What happened to Cameron's monthly press conferences?

Nick Clegg started a new monthly press conference today but Cameron hasn't held one since July 2011.

Nick Clegg has just finished the first of what we are promised will be a series of regular monthly press conferences. But while the Deputy PM seems ever keener to expose himself to scrutiny (he already hosts the weekly "Call Clegg" on LBC), in his own version of Tony Blair's "masochism strategy", David Cameron is proving more evasive. 

After entering Downing Street, Cameron continued to hold a monthly press conference, as Tony Blair and Gordon Brown did, but they became increasingly rare and it's now nearly two years since one was last held (on 8 July 2011); the hastily-arranged conference on Leveson in March doesn't really count. Journalists were given precisely half an hour's notice. 

So, could Clegg's openness encourage the PM to think again? It seems unlikely. When I spoke to Downing Street earlier, a spokesman simply replied that Cameron "regularly talks to the media".

David Cameron, pictured at his most recent Downing Street press conference on 8 July 2011. Photograph: Getty Images.

George Eaton is political editor of the New Statesman.

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Ignoring devolved nations on Brexit "risks breaking up the UK"

Theresa May is meeting with Scottish, Northern Irish and Welsh representatives. 

The Westminster government risks the break up of the union if it tries to impose a Brexit settlement on Scotland, Northern Ireland and Wales, the Institute for Government has warned.

On the day Theresa May is meeting with representatives from the devolved administrations, the thinktank said there were "worrying signs" the Tories were ignoring them instead of treating them like partners.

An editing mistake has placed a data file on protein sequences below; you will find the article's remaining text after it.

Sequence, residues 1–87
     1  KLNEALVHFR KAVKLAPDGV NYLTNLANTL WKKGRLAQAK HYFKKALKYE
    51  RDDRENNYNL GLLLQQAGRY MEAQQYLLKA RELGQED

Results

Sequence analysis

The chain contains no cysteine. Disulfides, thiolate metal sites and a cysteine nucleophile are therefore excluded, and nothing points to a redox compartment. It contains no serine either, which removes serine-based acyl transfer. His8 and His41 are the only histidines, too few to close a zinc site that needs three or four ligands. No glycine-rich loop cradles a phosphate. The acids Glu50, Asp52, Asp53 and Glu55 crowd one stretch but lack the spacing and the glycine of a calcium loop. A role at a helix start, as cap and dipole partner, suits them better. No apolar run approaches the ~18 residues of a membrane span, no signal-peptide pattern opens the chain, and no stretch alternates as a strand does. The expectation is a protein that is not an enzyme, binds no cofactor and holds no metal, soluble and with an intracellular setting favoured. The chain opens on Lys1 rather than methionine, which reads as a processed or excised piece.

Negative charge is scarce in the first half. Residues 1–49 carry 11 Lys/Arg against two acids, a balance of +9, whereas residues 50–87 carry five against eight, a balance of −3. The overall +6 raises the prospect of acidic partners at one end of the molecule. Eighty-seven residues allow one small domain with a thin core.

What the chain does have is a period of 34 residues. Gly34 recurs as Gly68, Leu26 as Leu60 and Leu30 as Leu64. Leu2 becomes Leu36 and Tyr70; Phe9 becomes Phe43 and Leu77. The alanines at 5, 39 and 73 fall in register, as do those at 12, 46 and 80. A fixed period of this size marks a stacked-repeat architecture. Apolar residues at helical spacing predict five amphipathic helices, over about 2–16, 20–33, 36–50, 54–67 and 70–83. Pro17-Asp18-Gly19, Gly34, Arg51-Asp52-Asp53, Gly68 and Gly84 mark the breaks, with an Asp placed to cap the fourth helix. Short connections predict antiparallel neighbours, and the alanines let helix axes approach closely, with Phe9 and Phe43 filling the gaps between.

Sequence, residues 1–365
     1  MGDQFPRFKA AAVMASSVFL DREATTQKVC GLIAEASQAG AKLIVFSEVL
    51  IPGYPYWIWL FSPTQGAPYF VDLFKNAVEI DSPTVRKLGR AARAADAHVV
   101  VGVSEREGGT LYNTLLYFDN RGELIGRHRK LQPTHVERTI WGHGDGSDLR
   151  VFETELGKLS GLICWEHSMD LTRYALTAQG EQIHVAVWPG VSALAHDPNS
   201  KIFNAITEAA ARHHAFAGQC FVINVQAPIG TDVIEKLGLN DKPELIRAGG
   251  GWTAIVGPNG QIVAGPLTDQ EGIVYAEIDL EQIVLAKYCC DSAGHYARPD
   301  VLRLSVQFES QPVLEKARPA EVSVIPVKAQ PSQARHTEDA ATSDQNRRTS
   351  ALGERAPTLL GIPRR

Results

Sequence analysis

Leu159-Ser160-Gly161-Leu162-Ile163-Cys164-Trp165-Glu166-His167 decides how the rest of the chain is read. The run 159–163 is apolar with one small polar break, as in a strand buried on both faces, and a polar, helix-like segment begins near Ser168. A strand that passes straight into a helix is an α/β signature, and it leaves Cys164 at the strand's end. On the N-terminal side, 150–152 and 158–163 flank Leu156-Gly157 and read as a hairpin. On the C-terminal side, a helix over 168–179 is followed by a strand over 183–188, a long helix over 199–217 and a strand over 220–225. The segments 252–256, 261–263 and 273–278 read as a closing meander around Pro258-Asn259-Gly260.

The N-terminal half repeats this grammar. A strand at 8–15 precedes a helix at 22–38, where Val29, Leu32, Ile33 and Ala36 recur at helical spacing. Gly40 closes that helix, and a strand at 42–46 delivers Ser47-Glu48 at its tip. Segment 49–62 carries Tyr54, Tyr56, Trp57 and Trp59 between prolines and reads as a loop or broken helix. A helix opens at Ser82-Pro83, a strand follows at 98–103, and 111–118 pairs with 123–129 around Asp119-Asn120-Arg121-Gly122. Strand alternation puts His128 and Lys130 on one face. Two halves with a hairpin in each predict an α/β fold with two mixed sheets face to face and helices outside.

The Institute urged the UK government to take steps to prevent "political spats from escalating into a full-blow constitutional crisis".

It stated:

"Imposing a Brexit settlement in the absence of consent from the devolved bodies may be legally possible, given that the UK Parliament remains sovereign. 

"However, this would run contrary to convention and to the spirit of devolution, which recognises the right of the three devolved nations to determine their own
form of government. 

"It would also be a reckless strategy for a government committed to the Union, since it would seriously undermine relationships between the four governments, and increase the chances of Scottish independence and rifts in Northern Ireland’s fragile power-sharing arrangements."

Instead, Brexit ministers from the devolved nations should be represented on a specially-created committee and held jointly responsible for the outcome of talks, it recommended. The devolved nations are expected to want a softer Brexit than the one outlined so far by Westminster. 

It noted that despite the Prime Minister's commitment to developing a "UK approach" to Brexit, there are "worrying signs" that the devolved governments are being ignored.

So far key decisions, such as the deadline for triggering Article 50, have been taken by Westminster alone. Legal experts have warned a stand off between devolved authorities and Westminster could lead to a constitutional crisis.

While civil servants across the UK are now trying to work together, the Institute for Government said their ability to do so "has been hindered by lack of agreement at a political level".

A Brexit settlement could also lead to new powers for the devolved nations, the report said, such as on employment and immigration.

The report said it was likely devolved parliaments would wish to vote on any settlement.

The Scottish First Minister, Nicola Sturgeon has already threatened to hold another independence referendum if Westminster does not take account of Scottish interests, and has pledged that the SNP will vote against the Brexit bill in Parliament. 

Julia Rampen is the editor of The Staggers, The New Statesman's online rolling politics blog. She was previously deputy editor at Mirror Money Online and has worked as a financial journalist for several trade magazines.